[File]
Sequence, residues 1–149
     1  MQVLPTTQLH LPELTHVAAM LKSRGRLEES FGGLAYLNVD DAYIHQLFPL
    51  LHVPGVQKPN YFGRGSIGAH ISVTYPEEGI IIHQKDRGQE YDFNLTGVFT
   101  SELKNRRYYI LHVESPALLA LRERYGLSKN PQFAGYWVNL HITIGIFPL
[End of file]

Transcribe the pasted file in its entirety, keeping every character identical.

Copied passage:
Sequence, residues 1–149
     1  MQVLPTTQLH LPELTHVAAM LKSRGRLEES FGGLAYLNVD DAYIHQLFPL
    51  LHVPGVQKPN YFGRGSIGAH ISVTYPEEGI IIHQKDRGQE YDFNLTGVFT
   101  SELKNRRYYI LHVESPALLA LRERYGLSKN PQFAGYWVNL HITIGIFPL